HAYWARD -- About 200 water customers in an unincorporated neighborhood will see a surcharge on their bills plummet from 50 percent to 15 percent beginning in January, as the city reassesses the actual cost of delivering the service.

For decades, the approximately 200 residents in the unincorporated Castle Homes area in Fairview have been paying the surcharge to cover the additional expense it costs the city to deliver fresh water to them. In July, several of the residents complained to the council, saying the fee was too high, and the council asked staff members to evaluate the surcharge.

The City Council approved the decrease on a 6-0 vote Tuesday, with Mayor Michael Sweeney absent.

"This is a fairness issue," Councilman Al Mendall told a group of Castle Homes residents at the meeting. "Fifteen percent is fair. It covers the additional cost of providing water to you, and no more."

The 15 percent figure was recommended by a consultant, West Yost Associates, after reviewing the city's files for the past two years. For an average Castle Homes customer with a two-month water bill of $100 and a surcharge of $50, that surcharge will drop $35, down to $15, for a total bill of $115, Public Works Director Alex Ameri said Wednesday.

It costs more to deliver water to the Castle Homes properties than those within the city. Most of Hayward's pipelines are part of a looped system, with water constantly moving through a grid system and remaining fresh.

But the Castle Homes area has mostly long dead-end pipelines, some of which are not close to the city limits, and sitting water has been a problem, according to the staff report. To maintain water quality, Hayward workers have to periodically flush the lines and truck the drained water for disposal elsewhere.

In the beginning, the surcharge also may have helped pay a portion of the cost of building Hayward's reservoirs, according to the staff report.

The consultant found that, as water rates have risen, the 50 percent surcharge has brought more money than the city needs to deliver service to Castle Homes.

"The percentage of surcharge we need has gone down," Ameri told the council Tuesday.

"The 15 percent is fair and reasonable and well-studied," said Dale Silva, president of the Hayward Hills Property Owners Association. He thanked city Public Works employees for working with the homeowners to come up with the new surcharge amount.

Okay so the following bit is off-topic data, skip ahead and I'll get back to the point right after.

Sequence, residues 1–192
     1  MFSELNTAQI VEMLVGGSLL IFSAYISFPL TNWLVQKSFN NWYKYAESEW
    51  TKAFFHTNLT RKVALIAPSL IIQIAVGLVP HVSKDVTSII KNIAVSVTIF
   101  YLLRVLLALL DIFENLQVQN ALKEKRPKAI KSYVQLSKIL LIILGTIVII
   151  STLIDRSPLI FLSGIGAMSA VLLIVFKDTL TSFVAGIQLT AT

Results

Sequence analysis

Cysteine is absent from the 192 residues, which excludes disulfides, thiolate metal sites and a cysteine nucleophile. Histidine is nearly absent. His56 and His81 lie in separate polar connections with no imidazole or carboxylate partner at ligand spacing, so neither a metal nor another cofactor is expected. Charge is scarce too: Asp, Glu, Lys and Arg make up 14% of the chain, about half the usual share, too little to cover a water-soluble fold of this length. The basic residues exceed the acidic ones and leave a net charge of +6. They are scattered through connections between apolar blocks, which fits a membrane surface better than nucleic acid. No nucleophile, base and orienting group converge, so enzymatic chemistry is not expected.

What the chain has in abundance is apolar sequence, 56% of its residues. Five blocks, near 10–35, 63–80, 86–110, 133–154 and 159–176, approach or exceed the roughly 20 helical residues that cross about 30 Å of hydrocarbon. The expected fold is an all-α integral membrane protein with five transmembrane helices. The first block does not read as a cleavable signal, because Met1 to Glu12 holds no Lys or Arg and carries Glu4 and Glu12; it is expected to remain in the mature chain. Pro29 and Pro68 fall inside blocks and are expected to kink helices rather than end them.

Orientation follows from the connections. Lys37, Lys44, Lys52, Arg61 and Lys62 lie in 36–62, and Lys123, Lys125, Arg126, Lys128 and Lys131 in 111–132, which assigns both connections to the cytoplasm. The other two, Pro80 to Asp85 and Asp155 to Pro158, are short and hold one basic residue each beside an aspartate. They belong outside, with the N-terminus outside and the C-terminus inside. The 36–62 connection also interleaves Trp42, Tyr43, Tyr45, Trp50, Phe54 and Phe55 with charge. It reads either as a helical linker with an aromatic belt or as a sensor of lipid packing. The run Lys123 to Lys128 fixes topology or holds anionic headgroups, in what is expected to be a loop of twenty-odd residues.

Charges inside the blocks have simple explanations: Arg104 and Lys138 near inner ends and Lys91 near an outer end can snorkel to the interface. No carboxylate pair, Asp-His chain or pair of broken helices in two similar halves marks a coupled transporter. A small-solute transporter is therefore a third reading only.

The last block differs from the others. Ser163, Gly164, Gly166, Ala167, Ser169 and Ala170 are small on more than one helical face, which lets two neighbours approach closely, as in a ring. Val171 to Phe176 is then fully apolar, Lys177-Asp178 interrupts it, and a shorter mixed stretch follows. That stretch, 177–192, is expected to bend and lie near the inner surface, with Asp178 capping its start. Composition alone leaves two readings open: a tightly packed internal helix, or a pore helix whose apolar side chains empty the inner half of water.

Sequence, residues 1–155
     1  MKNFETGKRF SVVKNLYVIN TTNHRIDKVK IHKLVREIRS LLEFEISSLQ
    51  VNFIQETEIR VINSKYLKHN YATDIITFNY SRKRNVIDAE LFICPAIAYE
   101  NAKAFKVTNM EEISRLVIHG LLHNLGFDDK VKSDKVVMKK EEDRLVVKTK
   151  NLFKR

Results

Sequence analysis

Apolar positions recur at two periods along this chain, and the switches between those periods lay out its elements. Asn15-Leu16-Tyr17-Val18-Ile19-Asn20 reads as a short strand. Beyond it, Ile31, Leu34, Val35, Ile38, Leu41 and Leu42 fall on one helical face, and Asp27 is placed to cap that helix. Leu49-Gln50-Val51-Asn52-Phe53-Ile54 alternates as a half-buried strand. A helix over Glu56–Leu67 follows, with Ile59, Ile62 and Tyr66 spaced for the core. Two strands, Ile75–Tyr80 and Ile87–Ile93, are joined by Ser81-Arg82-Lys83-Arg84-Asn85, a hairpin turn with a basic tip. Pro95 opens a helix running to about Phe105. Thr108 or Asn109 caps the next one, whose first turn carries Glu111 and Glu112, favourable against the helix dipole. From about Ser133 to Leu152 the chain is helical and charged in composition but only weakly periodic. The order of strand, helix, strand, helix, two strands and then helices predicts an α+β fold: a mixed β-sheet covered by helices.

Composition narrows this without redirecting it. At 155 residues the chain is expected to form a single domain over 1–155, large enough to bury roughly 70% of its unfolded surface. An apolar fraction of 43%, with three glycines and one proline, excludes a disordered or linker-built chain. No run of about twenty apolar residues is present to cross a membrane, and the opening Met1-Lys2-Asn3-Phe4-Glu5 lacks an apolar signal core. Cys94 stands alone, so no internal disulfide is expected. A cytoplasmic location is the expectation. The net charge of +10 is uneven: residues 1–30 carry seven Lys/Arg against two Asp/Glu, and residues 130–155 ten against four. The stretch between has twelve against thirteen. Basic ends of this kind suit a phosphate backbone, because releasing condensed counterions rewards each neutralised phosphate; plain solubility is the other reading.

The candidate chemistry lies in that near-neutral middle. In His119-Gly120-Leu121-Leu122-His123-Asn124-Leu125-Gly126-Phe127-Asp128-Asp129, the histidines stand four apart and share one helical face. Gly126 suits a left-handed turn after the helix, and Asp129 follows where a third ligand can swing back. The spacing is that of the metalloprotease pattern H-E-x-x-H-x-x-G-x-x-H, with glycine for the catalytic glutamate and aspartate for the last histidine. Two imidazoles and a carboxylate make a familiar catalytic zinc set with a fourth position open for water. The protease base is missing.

Hayward water customers have seen their bills almost double in the five years because of increases the city is charged by the San Francisco Public Utilities Commission, which brings water to the Bay Area from the Hetch Hetchy Reservoir in the Sierra Nevada.

The San Francisco PUC is repairing and retrofitting its delivery system, at a cost of $4.3 billion, and passing along some of that expense to its wholesale users, which include Hayward. The city receives all of its water from the San Francisco PUC.

In 2008, the average residential customer using 225 gallons of water a day paid $52 for two months' worth, with Castle Homes paying an extra $26 surcharge. In 2013, that same amount of water cost $95 for city residents, with an additional surcharge of $47 for those 200 customers living outside the city.

"If the cost of water had not gone up, I would have requested a 30 percent surcharge" to cover the additional expense of delivering water to the Castle Homes area, Ameri told the council.

The city also moved the surcharge rate from the municipal code to the master fee schedule, which allows the amount to be adjusted if the cost of providing the water changes, he said.

Lowering the surcharge will mean a decrease in revenue of about $50,000 a year, according to the report. The city will absorb the shortfall for now, Public Works administrative analyst Marilyn Mosher said Wednesday. In the spring of 2015, staff members will likely request an average increase of 10 cents in monthly water rates beginning in October 2015, she said.

"It is not that we are giving Castle Homes owners a break; we're just coming up with an equitable surcharge," Ameri said Wednesday. "We met with them twice and listened to their concerns."

Councilwoman Barbara Halliday said Wednesday the council listened to the residents, and the staff responded.

"Once again, the old adage 'you can't fight City Hall' is disproved," she said.

Contact Rebecca Parr at 510-293-2473, or follow her at Twitter.com/rdparr1.